Orbital View: A Mir-aculous Feat

Editor’s Note: This article previously appeared in a different format as part of The Atlantic’s Notes section, retired in 2021.

Fifteen years ago today—on March 23,  2001—the Russian space station Mir descended from the heavens in a dramatic flourish. Here’s how NASA describes it:

After more than 86,000 total orbits, Mir re-entered Earth’s atmosphere on Friday, March 23, 2001, at 9 a.m. Moscow time. The 134-ton space structure broke up over the southern Pacific Ocean. Some of its larger pieces blazed harmlessly into the sea, about 1,800 miles east of New Zealand. Observers in Fiji reported spectacular gold- and white-streaming lights. An amazing saga and a highly successful program finally had come to a watery end.

Below are a few more stunning images captured before Mir’s demise, taken from a great new Instagram account I just found, TravellingThroughSpace:

From NASA’s tribute:

The Russian Space Station Mir endured 15 years in orbit, three times its planned lifetime. It outlasted the Soviet Union, that launched it into space. It hosted scores of crewmembers and international visitors. It raised the first crop of wheat to be grown from seed to seed in outer space. It was the scene of joyous reunions, feats of courage, moments of panic, and months of grim determination. It suffered dangerous fires, a nearly catastrophic collision, and darkened periods of out-of-control tumbling.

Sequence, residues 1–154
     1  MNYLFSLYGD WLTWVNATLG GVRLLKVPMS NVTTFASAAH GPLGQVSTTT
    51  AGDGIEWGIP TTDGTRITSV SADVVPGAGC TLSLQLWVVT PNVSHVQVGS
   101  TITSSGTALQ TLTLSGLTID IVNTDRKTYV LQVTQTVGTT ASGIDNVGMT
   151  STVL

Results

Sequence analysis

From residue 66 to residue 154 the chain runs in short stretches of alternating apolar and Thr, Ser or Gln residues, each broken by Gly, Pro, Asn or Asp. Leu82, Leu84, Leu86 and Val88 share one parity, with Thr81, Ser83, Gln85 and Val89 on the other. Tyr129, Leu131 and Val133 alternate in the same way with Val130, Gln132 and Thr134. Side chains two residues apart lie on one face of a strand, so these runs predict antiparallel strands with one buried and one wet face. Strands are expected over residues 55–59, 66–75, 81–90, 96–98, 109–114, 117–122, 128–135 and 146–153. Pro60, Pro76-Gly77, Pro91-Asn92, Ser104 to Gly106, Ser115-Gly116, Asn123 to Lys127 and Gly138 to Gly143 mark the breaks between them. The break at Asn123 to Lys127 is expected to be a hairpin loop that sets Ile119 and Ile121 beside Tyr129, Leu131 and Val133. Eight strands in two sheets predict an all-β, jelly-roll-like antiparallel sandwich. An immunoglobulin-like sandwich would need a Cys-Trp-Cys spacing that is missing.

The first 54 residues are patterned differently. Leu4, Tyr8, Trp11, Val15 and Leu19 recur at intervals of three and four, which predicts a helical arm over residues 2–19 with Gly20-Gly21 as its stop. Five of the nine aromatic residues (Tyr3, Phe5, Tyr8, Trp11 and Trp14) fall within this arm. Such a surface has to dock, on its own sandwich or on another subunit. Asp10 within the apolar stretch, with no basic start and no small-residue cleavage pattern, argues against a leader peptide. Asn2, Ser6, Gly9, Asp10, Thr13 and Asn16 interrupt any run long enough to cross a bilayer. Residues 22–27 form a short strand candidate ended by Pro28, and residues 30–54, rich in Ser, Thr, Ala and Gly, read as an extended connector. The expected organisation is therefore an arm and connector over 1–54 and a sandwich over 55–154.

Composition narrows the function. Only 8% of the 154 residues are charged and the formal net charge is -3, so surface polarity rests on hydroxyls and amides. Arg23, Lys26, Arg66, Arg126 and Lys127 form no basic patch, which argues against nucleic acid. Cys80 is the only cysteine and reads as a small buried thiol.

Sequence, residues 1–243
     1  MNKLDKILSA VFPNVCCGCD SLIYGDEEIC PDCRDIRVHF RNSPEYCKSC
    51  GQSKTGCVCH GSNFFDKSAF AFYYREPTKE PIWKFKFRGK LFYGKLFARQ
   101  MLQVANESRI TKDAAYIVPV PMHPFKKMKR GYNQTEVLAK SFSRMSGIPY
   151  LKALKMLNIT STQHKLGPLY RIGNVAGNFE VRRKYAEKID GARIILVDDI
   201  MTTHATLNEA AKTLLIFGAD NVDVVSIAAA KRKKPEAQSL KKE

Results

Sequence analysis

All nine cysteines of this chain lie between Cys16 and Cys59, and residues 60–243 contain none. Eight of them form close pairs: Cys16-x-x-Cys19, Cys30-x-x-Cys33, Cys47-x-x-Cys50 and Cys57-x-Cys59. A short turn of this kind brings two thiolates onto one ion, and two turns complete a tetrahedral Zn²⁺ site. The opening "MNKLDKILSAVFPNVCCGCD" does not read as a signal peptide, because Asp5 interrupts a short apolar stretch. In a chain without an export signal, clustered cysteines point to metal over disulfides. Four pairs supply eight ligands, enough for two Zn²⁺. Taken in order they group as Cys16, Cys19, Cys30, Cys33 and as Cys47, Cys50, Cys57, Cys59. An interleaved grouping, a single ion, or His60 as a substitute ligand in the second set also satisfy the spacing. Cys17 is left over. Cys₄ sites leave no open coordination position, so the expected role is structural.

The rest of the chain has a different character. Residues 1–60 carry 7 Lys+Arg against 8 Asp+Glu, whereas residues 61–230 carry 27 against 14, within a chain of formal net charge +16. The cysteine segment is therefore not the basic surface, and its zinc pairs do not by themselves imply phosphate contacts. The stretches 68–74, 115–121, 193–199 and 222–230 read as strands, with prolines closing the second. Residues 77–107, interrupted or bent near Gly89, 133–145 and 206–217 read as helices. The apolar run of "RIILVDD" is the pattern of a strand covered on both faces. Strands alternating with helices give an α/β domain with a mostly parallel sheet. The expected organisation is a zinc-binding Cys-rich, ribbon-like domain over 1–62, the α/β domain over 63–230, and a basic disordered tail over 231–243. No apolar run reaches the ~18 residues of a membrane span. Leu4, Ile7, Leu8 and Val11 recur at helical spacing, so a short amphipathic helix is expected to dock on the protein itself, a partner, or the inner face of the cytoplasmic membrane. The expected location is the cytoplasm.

Mir soared as a symbol of Russia’s past space glories and her potential future as a leader in space. And it served as the stage—history’s highest stage—for the first large-scale, technical partnership between Russia and the United States after a half-century of mutual antagonism. [...] For Russians, the very name “Mir” held meaning, feeling, and history. Mir translates into English as “world,” “peace,” and “village,” but a single-word translation misses its full significance.

(See all Orbital Views here)